My Apron | 550L
- Learning Goal
- Use sequence clue words (morning, afternoon, late afternoon, night, and months) to show the correct order of events in fiction.
- Approximately 50 minutes
- Necessary Materials
- Provided: Guided Practice Passage, “My Summer Vacation;” and Independent Practice Worksheet
Not Provided: My Apron by Eric Carle, sentence strips, markers, scissors, Sequence Clue Words Chart from Lesson 1
will review sequence clue words from Lesson 1. I will explain that there are other sequence words that can help us identify when the story is taking place. These are words like morning, afternoon, evening, and night. Stories may also tell the reader what day of week or month of the year the story is taking place. We can use these clues to help us figure out when the story is taking place. I will add these to the sequence clue words chart we created in Lesson 1. I will read My Apron by Eric Carle aloud and identify the sequence words that help me know when the story is taking place. For example, stop at the page that says “In the morning my Uncle Adam and I go to work,” explaining that the text says “in the morning,” which helps me know that this part of the story is happening in the morning. It tells me the time of day that it is happening. It also helps me know that it is probably the day after his Aunt Elizabeth sewed his apron. Paying attention to sequence words like “in the morning” helps me understand the story better. I will continue reading My Apron and modeling identifying sequence words and explaining how this helps me understand the story better.
TIP: Students may need a visual reminder of the correct sequence of the months of the year and days of the week as a reference.
Ask: "How was I able to better understand when the events in the story were happening?" Students should respond that you paid close attention to sequence clue words, such as "in the morning."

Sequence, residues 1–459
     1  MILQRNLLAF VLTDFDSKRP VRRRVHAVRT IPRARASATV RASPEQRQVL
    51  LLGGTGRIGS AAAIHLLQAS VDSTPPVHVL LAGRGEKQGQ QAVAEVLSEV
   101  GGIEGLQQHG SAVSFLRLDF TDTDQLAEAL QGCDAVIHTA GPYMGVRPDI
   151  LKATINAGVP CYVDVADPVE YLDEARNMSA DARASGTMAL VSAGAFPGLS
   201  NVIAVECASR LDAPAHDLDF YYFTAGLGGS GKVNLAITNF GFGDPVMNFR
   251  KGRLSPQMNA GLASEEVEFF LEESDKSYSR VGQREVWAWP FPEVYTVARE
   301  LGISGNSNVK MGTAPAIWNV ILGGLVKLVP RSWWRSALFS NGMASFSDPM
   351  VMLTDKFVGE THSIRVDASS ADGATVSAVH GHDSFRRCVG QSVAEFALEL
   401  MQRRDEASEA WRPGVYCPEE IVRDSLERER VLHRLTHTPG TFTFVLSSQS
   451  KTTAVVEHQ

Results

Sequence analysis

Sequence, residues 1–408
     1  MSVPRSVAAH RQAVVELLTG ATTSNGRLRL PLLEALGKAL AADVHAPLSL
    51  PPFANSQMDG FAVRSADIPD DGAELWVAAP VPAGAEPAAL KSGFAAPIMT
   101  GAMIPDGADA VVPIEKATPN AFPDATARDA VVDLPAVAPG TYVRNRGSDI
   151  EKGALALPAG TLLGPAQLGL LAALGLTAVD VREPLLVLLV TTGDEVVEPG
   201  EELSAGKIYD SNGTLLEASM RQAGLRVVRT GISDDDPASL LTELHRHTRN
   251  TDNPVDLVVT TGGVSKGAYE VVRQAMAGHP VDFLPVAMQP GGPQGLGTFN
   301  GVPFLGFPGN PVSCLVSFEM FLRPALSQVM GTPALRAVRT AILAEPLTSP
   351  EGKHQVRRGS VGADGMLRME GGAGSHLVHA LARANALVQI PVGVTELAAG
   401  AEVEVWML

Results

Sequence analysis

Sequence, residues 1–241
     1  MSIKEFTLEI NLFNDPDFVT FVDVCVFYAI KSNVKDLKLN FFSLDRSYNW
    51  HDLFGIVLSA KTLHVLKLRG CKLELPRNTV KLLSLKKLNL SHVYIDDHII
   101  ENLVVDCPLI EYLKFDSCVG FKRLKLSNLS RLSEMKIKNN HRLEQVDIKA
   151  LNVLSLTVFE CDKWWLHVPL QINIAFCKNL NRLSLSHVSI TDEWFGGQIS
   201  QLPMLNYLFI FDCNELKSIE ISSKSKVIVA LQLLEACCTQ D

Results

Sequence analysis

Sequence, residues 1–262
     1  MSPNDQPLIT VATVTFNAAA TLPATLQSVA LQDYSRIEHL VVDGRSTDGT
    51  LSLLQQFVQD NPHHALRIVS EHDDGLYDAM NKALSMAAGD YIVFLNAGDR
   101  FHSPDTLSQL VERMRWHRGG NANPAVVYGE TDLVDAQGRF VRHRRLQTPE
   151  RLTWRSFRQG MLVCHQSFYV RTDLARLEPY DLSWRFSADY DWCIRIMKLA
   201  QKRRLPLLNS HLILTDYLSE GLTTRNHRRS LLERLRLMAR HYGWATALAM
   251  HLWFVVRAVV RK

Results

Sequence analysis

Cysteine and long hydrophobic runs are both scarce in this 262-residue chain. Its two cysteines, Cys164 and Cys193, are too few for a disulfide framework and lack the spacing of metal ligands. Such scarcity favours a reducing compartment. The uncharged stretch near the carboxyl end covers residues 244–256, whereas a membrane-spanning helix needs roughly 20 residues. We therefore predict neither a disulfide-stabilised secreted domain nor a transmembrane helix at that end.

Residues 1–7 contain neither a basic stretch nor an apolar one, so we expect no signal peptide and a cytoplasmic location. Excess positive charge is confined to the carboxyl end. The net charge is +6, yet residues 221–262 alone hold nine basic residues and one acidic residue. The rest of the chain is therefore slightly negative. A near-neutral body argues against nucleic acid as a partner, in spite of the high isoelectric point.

will read the passage “My Summer Vacation” (provided) together. We will identify the sequence words in the passage. We will use these sequence words to help us identify the order in which the events in the story happen. We will put three events from the story in their correct sequence. Note: Write the following three events from the story on sentence strips: 1.) In July, I go to summer camp. 2.) In June, my family goes on vacation to the beach. 3.) In August, I get ready to go back to school. Show the students the three events and have students help you put them in the correct order using the sequence clue words (July, June, and August). Repeat the activity with the following three events: 1.) In the morning we take long walks on the beach. 2.) In the afternoon, we swim in the ocean. 3.) At night we look at the stars.
will cut out three events and put them in the correct order, using sequence words to guide you. (Independent Practice Worksheet is provided.)
Build Student Vocabulary apron
|Tier 2 Word: apron|
|Contextualize the word as it is used in the story||“My Uncle Adam wears a white apron. The apron has a big pocket in front. I want a white apron with a pocket.”|
|Explain the meaning student-friendly definition)||An apron is a piece of clothing that you wear when you are painting or cooking. An apron helps to keep your clothing clean.|
|Students repeat the word||Say the word apron with me: apron.|
|Teacher gives examples of the word in other contexts||I wore an apron when I was cooking breakfast so that my clothing would not get dirty. I wore an apron when I was painting so that I would not get paint on my shirt.|
|Students provide examples||When would you wear an apron? Start by saying, “I would wear an apron when _________________.”|
|Students repeat the word again.||What word are we talking about? apron|
|Additional Vocabulary Words||pocket, measures|
Stop after the first page of My Apron and explain what it means to plaster houses. Tell students that plaster is a thick paste that fills the cracks in bricks and on walls. House builders might use plaster to make sure the walls are smooth. Plaster can also be used to make sculptures or masks.
Texts & Materials
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